A Dictionary of the English Language
                        A Digital Edition of the 1755 Classic by Samuel Johnson
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View Scan · View Transcription · from page 1879

View Scan · View Transcription · from page 1879

Solíloquy. n.s. [soliloque, Fr. solus and loquor, Lat.] A discourse made by one in solitude to himself.

The whole poem is a soliloquy: Solomon is the person that speaks: he is at once the hero and the author; but he tells us very often what others say to him. Prior.

He finds no respite from his anxious grief,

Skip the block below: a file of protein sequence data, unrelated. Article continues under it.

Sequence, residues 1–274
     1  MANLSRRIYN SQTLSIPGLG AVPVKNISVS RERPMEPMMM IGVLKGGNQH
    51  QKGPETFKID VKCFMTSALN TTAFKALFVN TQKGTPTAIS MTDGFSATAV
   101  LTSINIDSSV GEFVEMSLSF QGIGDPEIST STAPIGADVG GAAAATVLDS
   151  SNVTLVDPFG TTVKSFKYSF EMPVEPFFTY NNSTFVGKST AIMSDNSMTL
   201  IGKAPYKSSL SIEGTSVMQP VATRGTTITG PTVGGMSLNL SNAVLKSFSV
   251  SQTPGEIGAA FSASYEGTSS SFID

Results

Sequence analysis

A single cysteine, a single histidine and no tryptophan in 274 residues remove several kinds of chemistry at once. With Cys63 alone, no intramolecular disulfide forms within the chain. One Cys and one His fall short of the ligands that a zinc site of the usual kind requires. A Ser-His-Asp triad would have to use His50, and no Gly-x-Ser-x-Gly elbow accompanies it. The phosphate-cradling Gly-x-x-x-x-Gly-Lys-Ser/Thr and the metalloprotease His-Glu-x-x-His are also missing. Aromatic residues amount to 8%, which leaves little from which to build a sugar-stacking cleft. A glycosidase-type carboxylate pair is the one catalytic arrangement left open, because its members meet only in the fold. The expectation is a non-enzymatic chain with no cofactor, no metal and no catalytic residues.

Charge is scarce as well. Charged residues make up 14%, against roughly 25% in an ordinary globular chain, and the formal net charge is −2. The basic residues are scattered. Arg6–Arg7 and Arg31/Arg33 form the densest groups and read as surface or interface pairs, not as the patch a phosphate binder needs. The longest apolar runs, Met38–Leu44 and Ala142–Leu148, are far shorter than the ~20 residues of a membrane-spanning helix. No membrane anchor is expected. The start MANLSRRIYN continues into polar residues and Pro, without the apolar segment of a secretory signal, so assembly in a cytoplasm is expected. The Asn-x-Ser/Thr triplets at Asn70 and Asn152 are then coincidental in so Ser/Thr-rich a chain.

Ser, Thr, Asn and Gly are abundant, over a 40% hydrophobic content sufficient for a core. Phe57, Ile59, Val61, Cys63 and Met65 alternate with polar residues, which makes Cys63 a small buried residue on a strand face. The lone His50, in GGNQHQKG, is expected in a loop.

Then seeks from his soliloquy relief.
Garth's Dispensatory.

If I should own myself in love, you know lovers are always allowed the comfort of soliloquy. Spectator.

Sources: Garth, Samuel (17) · Prior, Matthew (162) · Spectator (140)

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Cite this page: Johnson, Samuel. "Soliloquy." A Dictionary of the English Language: A Digital Edition of the 1755 Classic by Samuel Johnson. Edited by Brandi Besalke. Last modified: December 2, 2011. https://johnsonsdictionaryonline.com/soliloquy/.

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